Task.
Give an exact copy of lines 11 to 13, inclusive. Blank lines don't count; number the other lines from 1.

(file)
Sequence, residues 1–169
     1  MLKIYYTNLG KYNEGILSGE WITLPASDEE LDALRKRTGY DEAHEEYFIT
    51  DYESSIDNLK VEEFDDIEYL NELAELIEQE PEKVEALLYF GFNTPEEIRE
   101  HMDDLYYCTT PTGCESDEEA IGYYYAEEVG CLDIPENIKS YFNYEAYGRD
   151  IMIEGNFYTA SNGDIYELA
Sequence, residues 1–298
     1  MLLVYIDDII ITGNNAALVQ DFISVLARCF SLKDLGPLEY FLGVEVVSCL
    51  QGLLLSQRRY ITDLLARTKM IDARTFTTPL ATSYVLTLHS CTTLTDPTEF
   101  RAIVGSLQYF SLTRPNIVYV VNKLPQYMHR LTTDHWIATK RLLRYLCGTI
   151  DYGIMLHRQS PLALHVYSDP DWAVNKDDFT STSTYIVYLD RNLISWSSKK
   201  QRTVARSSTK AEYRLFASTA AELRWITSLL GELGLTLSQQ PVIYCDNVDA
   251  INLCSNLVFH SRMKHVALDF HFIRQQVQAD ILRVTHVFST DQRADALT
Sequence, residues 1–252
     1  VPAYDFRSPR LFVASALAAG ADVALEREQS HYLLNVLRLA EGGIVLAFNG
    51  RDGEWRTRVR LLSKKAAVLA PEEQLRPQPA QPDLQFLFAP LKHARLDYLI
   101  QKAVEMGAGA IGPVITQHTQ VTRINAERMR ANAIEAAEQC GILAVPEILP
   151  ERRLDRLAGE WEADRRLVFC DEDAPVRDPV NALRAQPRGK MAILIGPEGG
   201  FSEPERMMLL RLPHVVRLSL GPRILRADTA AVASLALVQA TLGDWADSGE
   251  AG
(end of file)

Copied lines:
   201  QRTVARSSTK AEYRLFASTA AELRWITSLL GELGLTLSQQ PVIYCDNVDA
   251  INLCSNLVFH SRMKHVALDF HFIRQQVQAD ILRVTHVFST DQRADALT
Sequence, residues 1–252